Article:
shifted from 39 percent approving to 29 percent with the percentage who disapprove of the president rising from 56 percent to 63 percent.
“There is no way to spin or sugarcoat these sagging numbers,” said Tim Malloy, assistant director of the Quinnipiac University Poll said in a statement. “The erosion of white men, white voters without college degrees and independent voters, the declaration by voters that President Donald Trump’s first 100 days were mainly a failure and deepening concerns about Trump’s honesty, intelligence and level headedness are red flags that the administration simply can’t brush away.”
Quinnipiac even asked those polled to share the first word that comes to mind about the president. Then numbers they shared are not percentages, but are reflective of many voters; attitudes.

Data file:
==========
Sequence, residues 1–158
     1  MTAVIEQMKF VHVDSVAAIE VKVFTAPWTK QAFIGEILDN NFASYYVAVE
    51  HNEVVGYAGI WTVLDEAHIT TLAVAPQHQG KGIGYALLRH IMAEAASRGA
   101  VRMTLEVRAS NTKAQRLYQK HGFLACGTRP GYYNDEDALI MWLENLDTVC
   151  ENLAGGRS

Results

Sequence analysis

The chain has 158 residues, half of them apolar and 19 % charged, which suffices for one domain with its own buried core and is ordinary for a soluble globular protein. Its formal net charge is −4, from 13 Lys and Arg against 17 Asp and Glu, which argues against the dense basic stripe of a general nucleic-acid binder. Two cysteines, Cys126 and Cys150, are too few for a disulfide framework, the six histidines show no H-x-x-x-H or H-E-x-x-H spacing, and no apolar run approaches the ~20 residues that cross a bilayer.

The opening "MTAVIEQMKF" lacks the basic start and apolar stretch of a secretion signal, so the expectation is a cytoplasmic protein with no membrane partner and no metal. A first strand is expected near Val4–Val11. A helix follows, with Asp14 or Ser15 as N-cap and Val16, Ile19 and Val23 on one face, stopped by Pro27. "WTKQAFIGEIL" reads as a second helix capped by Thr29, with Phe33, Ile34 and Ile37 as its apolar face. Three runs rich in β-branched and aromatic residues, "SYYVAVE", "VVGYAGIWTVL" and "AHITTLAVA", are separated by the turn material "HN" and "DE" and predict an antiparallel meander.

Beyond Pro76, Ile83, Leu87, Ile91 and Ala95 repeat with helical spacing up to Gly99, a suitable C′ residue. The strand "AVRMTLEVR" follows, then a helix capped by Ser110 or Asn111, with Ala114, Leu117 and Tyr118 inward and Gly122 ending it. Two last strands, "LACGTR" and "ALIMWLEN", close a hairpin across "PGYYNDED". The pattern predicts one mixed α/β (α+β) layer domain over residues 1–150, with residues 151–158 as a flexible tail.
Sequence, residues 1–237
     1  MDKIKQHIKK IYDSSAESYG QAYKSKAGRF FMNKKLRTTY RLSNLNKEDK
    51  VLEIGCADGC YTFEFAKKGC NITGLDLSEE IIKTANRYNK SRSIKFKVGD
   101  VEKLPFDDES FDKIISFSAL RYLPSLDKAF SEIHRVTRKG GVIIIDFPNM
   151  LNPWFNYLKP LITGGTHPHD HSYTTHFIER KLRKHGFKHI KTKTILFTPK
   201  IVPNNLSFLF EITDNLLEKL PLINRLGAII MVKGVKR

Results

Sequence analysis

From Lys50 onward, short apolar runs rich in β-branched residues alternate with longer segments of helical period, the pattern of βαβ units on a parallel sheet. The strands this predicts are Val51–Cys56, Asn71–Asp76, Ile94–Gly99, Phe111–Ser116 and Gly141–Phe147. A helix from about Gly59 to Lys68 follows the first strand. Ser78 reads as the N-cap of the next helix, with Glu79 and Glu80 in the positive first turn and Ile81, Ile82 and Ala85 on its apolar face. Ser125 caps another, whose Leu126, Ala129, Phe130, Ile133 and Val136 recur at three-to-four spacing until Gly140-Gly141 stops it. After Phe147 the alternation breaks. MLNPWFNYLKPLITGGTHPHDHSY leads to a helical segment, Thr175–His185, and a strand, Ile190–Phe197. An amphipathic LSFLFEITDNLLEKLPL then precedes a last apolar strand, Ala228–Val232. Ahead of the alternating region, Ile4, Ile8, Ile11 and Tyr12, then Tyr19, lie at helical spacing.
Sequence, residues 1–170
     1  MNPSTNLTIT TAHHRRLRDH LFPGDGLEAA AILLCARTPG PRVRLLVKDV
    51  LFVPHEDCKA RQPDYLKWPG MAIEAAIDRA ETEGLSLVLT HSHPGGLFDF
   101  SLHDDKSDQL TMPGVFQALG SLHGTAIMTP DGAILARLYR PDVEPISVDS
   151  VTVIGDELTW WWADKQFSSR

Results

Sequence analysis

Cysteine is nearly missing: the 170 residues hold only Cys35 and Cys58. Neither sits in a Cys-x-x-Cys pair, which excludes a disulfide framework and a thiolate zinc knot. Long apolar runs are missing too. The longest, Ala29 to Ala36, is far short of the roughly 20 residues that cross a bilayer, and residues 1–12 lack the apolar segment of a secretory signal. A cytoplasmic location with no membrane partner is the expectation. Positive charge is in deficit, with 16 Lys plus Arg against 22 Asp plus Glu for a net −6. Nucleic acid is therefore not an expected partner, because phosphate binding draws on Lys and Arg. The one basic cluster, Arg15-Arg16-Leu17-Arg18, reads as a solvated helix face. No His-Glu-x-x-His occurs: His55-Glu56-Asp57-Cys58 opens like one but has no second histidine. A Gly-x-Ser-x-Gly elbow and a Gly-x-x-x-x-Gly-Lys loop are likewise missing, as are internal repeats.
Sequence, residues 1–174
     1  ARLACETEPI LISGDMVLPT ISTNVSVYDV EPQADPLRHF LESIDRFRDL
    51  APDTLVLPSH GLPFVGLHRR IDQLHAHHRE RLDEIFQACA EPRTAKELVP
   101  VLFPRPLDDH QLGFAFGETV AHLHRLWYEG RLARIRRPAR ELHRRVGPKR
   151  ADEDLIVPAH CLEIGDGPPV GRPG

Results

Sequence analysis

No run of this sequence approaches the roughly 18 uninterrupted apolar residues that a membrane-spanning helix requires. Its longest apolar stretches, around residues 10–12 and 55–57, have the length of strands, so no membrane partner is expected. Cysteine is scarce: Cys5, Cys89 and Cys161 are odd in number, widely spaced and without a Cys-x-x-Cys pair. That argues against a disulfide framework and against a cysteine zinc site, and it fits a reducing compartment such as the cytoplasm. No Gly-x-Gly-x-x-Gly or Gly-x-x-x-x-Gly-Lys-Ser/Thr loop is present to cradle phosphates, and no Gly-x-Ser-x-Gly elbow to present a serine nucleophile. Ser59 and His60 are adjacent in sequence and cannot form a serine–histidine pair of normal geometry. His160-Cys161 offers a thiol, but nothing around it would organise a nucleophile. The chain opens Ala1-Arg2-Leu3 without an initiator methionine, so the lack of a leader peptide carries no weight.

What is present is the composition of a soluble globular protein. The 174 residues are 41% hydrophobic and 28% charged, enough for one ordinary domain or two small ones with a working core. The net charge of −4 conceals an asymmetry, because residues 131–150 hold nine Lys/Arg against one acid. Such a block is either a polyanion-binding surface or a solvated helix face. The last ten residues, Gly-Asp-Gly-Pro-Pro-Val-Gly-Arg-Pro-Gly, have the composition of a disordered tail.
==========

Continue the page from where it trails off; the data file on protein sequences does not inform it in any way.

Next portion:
— Landon Schnabel (@LandonSchnabel) May 11, 2017
Trump’s sagging support is also reflected in voter’s preferences for Congress. “If Democrats had won control of the U.S. Senate in the 2016 elections, the country would be in a better place than it is now, 41 percent of voters say, while 27 percent say it would be in a worse place and 30 percent say it would be the same,” according to the press release.
— Brett LoGiurato (@BrettLoGiurato) May 10, 2017
Even the media is benefiting from Trump’s dismal ratings. When asked, “Who do you trust more to tell you the truth about important issues: President Trump or the news media?” 57 percent of voters said they trust the news media more.